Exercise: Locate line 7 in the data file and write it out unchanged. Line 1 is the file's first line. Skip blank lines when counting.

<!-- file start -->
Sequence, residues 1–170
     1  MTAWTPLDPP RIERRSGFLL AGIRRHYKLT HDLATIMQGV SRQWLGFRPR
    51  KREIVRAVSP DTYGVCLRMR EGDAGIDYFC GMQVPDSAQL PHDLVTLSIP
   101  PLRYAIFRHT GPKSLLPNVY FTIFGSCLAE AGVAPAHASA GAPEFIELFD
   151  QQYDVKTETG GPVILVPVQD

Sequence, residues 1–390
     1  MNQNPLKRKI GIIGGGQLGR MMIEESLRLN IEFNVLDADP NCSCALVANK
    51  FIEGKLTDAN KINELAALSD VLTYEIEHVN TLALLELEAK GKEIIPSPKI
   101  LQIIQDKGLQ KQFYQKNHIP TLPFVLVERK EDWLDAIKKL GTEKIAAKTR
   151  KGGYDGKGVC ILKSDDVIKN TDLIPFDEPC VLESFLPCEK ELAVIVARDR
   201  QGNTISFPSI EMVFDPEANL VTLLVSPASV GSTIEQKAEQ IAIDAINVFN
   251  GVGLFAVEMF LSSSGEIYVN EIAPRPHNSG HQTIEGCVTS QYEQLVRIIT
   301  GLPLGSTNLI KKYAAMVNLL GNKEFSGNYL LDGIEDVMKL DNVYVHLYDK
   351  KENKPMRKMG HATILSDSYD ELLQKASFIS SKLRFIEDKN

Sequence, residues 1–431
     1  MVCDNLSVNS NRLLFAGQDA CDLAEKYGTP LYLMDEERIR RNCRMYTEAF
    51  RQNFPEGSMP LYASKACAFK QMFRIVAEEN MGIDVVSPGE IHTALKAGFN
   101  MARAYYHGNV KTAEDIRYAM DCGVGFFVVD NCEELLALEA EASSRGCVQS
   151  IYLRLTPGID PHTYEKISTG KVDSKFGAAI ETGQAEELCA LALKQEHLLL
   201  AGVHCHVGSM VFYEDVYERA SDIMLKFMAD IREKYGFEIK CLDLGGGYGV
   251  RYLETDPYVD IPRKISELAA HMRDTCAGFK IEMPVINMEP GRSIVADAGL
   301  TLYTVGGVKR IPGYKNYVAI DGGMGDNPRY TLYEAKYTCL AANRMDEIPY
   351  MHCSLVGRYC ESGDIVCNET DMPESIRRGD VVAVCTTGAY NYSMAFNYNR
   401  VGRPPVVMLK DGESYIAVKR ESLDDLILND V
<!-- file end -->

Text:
     1  MNQNPLKRKI GIIGGGQLGR MMIEESLRLN IEFNVLDADP NCSCALVANK